To top it all off, there’s a question of financial viability. Your map licensing model probably needs to match your app’s pay model. If you’re going to charge for your app, you need to make sure the location service you license is fully paid up for as long as your app may be in use out in the field (which is indefinite). If the map service is a recurring fee, maybe you get around this by selling to the user as the app plus n months or years of service, then fund the future use of the app with in-app purchase. Another option if the map service requires periodic payment is to give the app away free, support it with advertising, and use recurring ad revenues to pay the mapping bills. This clearly has both merits and hazards, to say nothing of the dubious prospect of serving up tiny little hard-to-see Google ads if your app is meant to be used in a moving vehicle.

A final point: with so many of the TOSes written with the expectation that they’ll be used in webapps, maybe that’s an equally valid way to go for some applications. After all, iPhone 3.0 provides location awareness in Safari, so you could write a web app that figures out where it is when run on an iPhone.

4 Comments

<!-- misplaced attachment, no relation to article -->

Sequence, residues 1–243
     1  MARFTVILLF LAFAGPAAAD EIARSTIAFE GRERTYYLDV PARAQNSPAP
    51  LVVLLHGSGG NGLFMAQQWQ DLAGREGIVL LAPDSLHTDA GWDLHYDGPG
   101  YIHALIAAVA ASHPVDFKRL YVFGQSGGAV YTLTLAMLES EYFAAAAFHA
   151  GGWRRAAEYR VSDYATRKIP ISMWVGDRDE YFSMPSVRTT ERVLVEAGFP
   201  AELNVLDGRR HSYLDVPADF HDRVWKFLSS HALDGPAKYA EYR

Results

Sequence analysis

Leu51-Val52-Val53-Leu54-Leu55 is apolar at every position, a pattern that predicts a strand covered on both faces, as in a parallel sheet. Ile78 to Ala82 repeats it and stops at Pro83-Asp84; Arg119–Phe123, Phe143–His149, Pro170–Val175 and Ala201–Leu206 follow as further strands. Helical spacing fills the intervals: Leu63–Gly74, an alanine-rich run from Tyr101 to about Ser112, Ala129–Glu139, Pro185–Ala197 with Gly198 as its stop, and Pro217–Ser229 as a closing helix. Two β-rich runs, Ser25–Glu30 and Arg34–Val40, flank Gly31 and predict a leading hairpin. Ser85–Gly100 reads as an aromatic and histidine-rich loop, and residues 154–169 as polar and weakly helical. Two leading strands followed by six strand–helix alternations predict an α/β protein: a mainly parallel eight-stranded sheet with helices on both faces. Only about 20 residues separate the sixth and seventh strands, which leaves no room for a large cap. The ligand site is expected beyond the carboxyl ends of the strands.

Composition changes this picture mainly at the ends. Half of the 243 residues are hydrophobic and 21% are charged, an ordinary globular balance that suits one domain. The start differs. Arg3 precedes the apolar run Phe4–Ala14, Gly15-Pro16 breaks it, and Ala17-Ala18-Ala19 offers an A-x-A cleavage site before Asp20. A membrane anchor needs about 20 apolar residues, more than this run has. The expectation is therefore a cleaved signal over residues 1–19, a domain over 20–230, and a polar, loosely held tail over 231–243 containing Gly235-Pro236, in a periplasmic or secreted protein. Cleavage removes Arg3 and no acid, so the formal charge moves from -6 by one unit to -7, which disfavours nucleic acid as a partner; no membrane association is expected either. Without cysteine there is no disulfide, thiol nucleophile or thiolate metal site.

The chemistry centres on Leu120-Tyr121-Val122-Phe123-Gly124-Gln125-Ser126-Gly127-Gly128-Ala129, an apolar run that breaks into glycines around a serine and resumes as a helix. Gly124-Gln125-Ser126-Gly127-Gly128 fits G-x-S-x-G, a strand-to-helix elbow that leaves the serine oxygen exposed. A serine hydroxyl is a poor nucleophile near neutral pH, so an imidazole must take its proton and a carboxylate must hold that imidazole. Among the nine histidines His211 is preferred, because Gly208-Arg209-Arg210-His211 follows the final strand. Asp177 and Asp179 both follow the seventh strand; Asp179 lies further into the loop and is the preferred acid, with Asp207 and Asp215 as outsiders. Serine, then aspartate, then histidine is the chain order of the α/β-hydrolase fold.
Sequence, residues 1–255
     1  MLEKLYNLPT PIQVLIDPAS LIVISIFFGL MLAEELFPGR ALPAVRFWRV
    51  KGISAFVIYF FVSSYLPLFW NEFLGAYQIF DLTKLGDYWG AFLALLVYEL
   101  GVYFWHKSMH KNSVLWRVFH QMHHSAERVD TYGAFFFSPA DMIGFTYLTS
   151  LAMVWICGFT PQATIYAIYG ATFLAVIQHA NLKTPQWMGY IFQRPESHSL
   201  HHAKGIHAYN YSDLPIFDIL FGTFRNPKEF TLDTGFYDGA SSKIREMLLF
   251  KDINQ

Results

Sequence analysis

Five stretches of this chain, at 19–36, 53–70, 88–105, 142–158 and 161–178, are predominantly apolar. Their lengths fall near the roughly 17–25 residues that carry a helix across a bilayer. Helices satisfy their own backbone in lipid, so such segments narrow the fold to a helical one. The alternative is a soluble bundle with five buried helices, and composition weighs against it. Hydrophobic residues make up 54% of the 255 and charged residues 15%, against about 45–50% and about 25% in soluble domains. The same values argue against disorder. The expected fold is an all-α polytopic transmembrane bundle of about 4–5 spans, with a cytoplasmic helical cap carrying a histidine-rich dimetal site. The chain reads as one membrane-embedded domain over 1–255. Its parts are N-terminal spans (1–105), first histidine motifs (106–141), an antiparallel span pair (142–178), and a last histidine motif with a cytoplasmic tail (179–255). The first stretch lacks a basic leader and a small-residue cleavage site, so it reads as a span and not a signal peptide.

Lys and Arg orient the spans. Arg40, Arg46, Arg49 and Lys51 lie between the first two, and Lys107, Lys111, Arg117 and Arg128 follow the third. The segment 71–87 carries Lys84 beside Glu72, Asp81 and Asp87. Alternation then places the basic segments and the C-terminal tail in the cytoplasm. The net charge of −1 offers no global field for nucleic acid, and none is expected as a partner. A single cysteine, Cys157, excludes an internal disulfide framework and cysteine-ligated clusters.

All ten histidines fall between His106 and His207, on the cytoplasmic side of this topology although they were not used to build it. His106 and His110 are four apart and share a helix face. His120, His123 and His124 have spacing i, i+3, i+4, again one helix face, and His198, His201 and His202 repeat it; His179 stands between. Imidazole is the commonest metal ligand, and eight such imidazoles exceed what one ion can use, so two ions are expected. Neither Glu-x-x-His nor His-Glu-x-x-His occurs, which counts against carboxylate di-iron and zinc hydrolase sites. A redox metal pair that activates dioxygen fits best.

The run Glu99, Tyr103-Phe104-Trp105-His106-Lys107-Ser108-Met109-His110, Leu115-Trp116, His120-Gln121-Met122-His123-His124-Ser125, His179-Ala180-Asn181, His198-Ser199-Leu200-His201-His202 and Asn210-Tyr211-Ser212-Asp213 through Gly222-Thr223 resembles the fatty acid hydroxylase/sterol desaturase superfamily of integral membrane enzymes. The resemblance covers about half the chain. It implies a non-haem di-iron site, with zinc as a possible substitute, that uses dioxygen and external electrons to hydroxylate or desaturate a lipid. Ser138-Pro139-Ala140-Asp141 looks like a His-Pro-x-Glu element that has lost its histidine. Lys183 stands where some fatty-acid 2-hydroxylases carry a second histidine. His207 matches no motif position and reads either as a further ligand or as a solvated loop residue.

• 1. openid.aol.com/sdfisher75 replies at 8th October 2009 um 2:10 am :

    Aren’t you allowed to use Javascript as long as you use Apple’s interpreter to run it?

    Probably a moot point, though.

  • 2. [Time code];&hellip replies at 30th November 2009 um 3:42 pm :

    […] months ago, in Bringing Your Own Maps, I went off on an atypical excursion into the realms of location-based applications and how an […]

  • 3. [Time code];&hellip replies at 5th February 2010 um 12:06 am :

    […] introduction of the iPhone 3.0 SDK when they said “bring your own maps”. I previously detailed my search for a map provider, based on the needs for an iPhone mapping application: an API that can be called from an […]

  • 4. [Time code];&hellip replies at 16th May 2011 um 12:04 pm :

    […] where are the other guys getting their data from? As I wrote in Bringing Your Own Maps, my research revealed that the map data providers’ terms of service for their free services […]